My 350 on BREXIT: Asking the wrong question

We need, like my daughter, to start rebelling against the monodimensional models of identity we are asked to conform to.

Monica Sassatelli
15 July 2016

My seven-year-old daughter (Italian mother, British father) declared, in English: “Mamma, I’m 100% Italian …” – Ah, light of my eyes – “… and I’m 100% English”. Oh. For a fraction of a second I almost started: “You can’t be 200% …”. But she’s right. Percentages are wrong, wrong as a way to talk about individual and collective identities. My daughter doesn’t feel like a split being, Italian when she likes pasta and English when it is Marmite: so that they may decide when you, individual or country, can stay or must go. She is wholly, completely Italian, completely English, and completely many other things too. If percentages can’t deal with that, they are wrong, not her. 

We need, like my daughter, to start rebelling against the monodimensional models of identity we are asked to conform to, whose consequences we live with. Think for instance of the identity question in the Eurobarometer survey. This periodic EU-wide survey asks people to choose: are you national or European? The option to be both is there, yet the alternatives are in a clearly hierarchical line: “Do you identify as national only, national and European, European and national, European only?” As well as the hierarchy, this deceptively simple menu pretends each option stands alone when clearly the real meaning lies in the reciprocal relationship with the others. Ultimately, whilst appearing to welcome plurality, the set options imply that ‘identities’ are pitched one against the other, in a model that clearly assumes a 100%, so anything but an exclusive identity conveys a split identity and a lesser one. It is no surprise with such a model of identity that only 2% across the EU choose ‘European only’. Questions of identity always presuppose a model of identity, and the answers can only reinforce it.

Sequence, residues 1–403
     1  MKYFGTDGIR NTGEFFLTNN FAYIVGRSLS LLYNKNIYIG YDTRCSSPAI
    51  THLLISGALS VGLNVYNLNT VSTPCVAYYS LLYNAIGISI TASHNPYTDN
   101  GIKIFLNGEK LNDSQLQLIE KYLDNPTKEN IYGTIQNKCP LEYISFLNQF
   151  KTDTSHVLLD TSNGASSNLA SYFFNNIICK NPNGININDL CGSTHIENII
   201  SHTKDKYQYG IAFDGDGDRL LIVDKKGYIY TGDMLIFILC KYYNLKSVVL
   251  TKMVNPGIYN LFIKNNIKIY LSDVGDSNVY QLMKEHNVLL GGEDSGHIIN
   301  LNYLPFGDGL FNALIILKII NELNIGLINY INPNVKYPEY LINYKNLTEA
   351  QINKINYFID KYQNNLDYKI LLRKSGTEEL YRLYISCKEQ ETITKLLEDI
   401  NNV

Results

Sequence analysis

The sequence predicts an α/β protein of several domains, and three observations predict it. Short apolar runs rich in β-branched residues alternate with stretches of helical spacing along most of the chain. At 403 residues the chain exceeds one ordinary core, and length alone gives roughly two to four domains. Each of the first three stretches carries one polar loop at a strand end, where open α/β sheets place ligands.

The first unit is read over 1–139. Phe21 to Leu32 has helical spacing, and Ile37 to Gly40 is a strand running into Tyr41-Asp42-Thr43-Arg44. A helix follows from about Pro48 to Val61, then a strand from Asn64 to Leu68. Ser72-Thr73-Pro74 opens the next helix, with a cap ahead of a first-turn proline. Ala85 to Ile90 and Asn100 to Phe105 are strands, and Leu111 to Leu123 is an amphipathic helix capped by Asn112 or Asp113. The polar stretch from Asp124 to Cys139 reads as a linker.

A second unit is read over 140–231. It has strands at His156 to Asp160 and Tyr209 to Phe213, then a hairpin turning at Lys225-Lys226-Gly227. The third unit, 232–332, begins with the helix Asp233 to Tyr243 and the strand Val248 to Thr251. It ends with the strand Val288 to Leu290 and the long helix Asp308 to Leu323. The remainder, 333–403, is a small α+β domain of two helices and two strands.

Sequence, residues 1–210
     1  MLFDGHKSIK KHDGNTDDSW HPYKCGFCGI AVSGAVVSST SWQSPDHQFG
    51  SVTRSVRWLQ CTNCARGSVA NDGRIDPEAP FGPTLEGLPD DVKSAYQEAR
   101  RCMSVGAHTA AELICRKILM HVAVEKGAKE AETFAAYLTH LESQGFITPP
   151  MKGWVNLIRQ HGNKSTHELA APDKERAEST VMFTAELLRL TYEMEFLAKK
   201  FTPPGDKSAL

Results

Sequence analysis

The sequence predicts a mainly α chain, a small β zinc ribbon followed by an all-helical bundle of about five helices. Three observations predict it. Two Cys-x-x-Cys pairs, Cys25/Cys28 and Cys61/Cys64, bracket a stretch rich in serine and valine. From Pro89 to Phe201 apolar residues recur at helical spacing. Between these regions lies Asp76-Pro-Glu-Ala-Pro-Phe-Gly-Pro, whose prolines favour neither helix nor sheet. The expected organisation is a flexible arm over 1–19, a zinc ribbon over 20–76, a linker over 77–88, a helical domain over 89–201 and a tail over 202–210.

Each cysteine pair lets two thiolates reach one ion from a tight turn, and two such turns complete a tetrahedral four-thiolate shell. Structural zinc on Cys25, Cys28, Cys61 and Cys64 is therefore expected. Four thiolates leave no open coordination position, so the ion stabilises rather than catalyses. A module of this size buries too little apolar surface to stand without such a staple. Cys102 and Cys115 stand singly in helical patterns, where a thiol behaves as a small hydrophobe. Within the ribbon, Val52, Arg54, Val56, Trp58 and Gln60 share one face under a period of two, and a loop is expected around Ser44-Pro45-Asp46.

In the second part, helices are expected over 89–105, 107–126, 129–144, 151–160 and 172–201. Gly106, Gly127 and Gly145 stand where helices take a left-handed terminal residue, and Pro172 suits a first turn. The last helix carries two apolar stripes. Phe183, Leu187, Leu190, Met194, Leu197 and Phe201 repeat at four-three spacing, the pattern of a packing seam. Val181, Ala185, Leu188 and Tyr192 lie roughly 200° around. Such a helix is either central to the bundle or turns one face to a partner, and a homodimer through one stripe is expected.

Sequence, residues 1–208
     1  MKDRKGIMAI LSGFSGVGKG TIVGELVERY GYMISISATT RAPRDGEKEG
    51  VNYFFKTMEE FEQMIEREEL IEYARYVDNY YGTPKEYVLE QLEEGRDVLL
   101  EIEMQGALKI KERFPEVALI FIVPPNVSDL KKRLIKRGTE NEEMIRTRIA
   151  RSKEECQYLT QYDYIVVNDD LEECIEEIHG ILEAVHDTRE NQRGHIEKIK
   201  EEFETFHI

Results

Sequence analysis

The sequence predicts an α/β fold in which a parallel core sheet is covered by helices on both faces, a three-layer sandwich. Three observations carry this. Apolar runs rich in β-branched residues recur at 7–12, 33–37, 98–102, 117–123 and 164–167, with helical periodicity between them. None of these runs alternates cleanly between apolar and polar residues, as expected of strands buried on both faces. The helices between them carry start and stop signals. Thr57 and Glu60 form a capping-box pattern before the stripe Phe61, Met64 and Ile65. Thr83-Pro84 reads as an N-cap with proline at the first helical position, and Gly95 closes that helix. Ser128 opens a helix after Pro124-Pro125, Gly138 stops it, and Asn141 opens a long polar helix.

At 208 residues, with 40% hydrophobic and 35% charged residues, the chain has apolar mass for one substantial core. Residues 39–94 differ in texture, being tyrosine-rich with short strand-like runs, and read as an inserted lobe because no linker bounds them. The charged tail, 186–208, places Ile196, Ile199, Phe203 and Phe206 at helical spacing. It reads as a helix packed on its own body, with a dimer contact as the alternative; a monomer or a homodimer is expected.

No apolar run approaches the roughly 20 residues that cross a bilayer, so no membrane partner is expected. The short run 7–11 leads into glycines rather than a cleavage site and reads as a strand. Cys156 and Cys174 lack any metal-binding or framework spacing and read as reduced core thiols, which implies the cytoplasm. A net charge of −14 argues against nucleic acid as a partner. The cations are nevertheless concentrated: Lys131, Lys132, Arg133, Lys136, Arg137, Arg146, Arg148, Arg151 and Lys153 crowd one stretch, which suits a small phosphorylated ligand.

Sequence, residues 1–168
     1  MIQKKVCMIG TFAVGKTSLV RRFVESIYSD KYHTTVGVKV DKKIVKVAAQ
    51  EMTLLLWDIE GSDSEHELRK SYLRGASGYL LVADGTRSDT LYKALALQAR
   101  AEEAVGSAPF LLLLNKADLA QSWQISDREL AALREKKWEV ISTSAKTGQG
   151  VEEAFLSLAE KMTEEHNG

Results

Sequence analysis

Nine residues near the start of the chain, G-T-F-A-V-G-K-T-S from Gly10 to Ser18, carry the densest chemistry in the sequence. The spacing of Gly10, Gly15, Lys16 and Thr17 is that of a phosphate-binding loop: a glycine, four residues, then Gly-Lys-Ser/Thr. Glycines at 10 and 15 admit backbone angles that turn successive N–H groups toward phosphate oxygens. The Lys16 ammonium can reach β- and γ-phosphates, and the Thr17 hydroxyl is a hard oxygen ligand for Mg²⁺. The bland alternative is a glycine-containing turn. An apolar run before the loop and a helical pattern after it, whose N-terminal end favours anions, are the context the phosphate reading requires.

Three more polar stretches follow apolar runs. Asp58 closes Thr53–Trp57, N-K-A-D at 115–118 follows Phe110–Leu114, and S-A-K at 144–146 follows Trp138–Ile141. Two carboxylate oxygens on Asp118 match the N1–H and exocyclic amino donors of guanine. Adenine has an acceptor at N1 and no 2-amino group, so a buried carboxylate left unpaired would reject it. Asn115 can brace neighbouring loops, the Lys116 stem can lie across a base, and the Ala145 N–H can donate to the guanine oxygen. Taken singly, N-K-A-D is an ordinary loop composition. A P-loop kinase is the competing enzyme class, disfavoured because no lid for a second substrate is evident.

This was never a vote about the economy only. The result is now interpreted as a ‘protest’ vote, as a sign of deep disenfranchisement and malaise, which it clearly is, too. But it’s not the answers that are stupid; it was always the question, the implied identity question.

Bad questions produce frustration and get protest answers. Perhaps some of the youth absenteeism was also due to the absurdity of this choice for people whose memories are all in this century, when effectively being British and European go hand in hand, when you have always been 100% British and 100% European. We need to find new ways to recognise and enable the many, sometimes contradictory but nevertheless vital dimensions that make us up. We are 100% economic beings, and 100% non-economic too. 

In the aftermath of the historic British vote to leave the EU, openDemocracy is asking for our readers' thoughts on Brexit and what needs to happen next in 350 words. We've had an extraordinary response and you can read them all here

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